As an educational organisation, we feel it is our duty, gentle readers, to enlighten you on the realities behind the Netflix show. So with that in mind, scroll down to learn a little more about the real-life people behind the characters, the society of the time, and if there really were gossip papers...

The ton 

Set during the Regency era (1811 – 1820), Bridgerton follows the lavish lives of families within ‘the ton’ and the opulent social seasons they attempt to navigate. But who were the ton and were they really that extravagant? While it may not be quite to Netflix-level standards, the upper classes did lead extremely extravagant lifestyles.  

French for ‘good manners’, the bon ton existed at a time when fashionable society and aristocracy flourished. They consisted of a few hundred wealthy families whose social manners, style choices and codes of conduct filtered down through society and set the tone. This high class of individuals were the celebrities and influencers of their time.  

However, it was not all gilded glasses and embroidered silks. Following Britain’s victory at the Battle of Waterloo in 1815 (marking the end of the Napoleonic Wars) the country experienced a number of social conflicts. This was exasperated by industrialisation, the rising population, and the resulting cycle of prosperity and depression that the country experienced. It was also a time when class identification became more apparent and the terms ‘working class’ and ‘middle class’ were frequently used. However, credit where credit’s due, Shonda Rimes, Bridgerton's executive producer, does touch upon this aspect of society – more so within Eloise’s storyline of Season 2. And who knows, this might be further delved into in the upcoming series?

Bridgerton WEA blog

King George III 

While King George III may only make passing appearances in Bridgerton (with the main attention being on Queen Charlotte), the implication of his mental illness is well-founded. Born in 1735, King George ascended the throne in 1760 and married Princess Charlotte of Mecklenburg-Strelitz the following year. The couple has 15 children, and he was noted to be ‘a good man and devoted to his wife’. 

While King, he founded the Royal Academy of Arts and was especially interested in science and agriculture, earning him the name of ‘Farmer George’ by the royal family. It was in the later part of his life that the regent had recurrent and what became permanent mental illness in 1810. This incapacitation lead to his son, George IV, being named Prince Regent in 1811. Historians and medical experts suggest that the behaviours and symptoms point towards bipolar disorder or porphyria, however, these are only suggestions and can not be confirmed. King George III lived until 1820, having reigned for 59 years and 96 days; this makes him the longest-reigning male monarch in Britain's history.   

Queen Charlotte  

Played by the fabulous Golda Rosheuval, Queen Charlotte is a central character within Bridgerton. But who was the woman? Born and raised in Germany, Charlotte wed King George III when she was just 17. Their union lasted for 57 years and was referred to as an ‘unusually happy marriage’. However, as his illness became more prevalent, Charlotte took to sleeping in separate bedrooms, having meals apart and generally avoiding seeing him alone. She also developed a temper and sank into periods of depression. Scenes throughout Bridgerton do hint at Charlotte’s withdrawal from her husband. There is debate between historians as to whether Queen Charlotte was Black. Research has found that she was a descendant of Margarita de Castro y Sousa, ‘a Black branch of the Portuguese royal house’, however most historians reject this theory.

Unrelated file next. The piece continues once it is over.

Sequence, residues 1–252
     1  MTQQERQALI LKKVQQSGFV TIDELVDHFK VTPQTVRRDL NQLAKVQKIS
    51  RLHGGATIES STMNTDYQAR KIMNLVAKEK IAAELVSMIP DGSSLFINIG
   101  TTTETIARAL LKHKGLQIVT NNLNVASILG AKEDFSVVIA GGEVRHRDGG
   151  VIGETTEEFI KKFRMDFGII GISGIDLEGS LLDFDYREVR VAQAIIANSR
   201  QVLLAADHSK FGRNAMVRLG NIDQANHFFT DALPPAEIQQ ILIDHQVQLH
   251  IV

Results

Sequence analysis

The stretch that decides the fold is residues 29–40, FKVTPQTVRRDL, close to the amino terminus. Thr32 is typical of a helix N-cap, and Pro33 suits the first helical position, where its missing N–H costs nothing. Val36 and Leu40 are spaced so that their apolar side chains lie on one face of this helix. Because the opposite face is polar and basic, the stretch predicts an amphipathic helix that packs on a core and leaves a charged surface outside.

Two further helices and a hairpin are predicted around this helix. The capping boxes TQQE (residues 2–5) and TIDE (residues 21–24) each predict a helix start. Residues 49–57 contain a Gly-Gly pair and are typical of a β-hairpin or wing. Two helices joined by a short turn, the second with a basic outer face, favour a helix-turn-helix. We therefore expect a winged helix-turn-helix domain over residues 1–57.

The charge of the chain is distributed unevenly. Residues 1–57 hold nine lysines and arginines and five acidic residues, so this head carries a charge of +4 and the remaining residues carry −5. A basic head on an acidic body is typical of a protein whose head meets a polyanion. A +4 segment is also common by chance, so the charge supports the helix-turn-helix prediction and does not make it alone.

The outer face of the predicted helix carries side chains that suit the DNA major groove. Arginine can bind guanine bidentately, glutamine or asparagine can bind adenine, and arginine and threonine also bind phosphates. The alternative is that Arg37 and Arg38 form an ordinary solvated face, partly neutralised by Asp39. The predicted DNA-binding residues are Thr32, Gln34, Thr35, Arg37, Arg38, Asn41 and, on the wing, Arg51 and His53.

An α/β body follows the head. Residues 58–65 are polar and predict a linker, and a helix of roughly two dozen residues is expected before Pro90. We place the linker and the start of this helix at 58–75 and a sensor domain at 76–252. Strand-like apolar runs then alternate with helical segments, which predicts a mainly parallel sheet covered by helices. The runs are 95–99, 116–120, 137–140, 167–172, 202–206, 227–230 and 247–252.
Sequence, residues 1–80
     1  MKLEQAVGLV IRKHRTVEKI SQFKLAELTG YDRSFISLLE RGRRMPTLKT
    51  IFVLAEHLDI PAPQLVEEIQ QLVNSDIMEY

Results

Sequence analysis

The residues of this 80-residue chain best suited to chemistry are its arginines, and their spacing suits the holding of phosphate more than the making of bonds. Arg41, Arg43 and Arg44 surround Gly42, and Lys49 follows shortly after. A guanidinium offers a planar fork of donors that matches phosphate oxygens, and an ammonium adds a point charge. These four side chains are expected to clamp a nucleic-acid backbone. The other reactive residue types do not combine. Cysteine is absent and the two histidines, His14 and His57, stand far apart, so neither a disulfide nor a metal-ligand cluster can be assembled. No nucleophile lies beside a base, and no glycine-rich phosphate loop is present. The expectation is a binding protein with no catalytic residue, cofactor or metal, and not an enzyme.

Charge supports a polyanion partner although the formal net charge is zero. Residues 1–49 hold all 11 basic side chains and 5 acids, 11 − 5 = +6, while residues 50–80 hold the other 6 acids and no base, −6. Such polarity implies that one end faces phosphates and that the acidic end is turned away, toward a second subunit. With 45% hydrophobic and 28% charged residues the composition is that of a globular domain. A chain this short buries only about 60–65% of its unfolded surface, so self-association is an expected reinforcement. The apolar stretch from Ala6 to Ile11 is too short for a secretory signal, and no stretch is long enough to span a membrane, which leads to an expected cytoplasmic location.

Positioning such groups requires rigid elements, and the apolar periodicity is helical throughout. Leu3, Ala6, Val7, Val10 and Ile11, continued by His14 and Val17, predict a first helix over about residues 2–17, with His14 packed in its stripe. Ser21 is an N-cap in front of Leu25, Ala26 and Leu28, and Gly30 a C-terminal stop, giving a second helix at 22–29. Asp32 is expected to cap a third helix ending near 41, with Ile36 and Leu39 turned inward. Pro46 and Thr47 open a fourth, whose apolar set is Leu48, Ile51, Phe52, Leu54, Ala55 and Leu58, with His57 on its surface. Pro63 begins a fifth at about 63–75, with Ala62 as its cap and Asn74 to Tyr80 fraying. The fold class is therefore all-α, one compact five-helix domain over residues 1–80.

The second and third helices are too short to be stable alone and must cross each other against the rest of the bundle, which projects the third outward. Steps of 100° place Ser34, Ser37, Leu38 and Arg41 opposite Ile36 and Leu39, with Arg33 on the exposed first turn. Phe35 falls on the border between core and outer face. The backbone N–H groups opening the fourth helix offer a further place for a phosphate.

Things that Bridgerton got correct? She did meet Mozart! Something mentioned offhand on the show, Queen Charlotte met and sang alongside Wolfgang Mozart when he was only 8. He even dedicated his Opus 3 to her and dedicated 6 sonatas to her. And yes, she really did keep zebras. Given to her as a wedding present, Charlotte kept a zebra in Buckingham House (later to become Buckingham Palace) which paid host to a regular influx of crowds who came to see the animal.  

Something the show got wrong? Following King George III’s incapacitation, it was the King’s son George IV who took over the throne, rather than Queen Charlotte. Indeed, it was an initial source of conflict between her and her son, before their eventual reconciliation. Both mother and son enjoyed the arts and together they brought about an era of cultural achievement and refinement in the country. Queen Charlotte died in 1818 having served for 57 years and 70 days. 

Fun fact: During her time as Queen, she founded a number of orphanages and introduced the Christmas tree to Britain!

Bridgerton blog WEA

Gossip papers 

Gossip papers did actually exist! There was a little more anonymity surrounding the subjects as shown in the series, however these were loosely disguised (for instance ‘Lady D’ instead of ‘Lady Danbury’) meaning most people could discern the character in question. Just like in Bridgerton, these papers could seriously affect a person's social standing, and could result in a person’s temporary exile, or removal to the countryside while rumours quietened down... 

Interested in learning more about amazing periods and people throughout time? Explore our range of online and local history courses and join us as we delve back in time!

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About the author

Kay Field

Digital Marketing Officer

Kay is the Digital Marketing Officer at the WEA.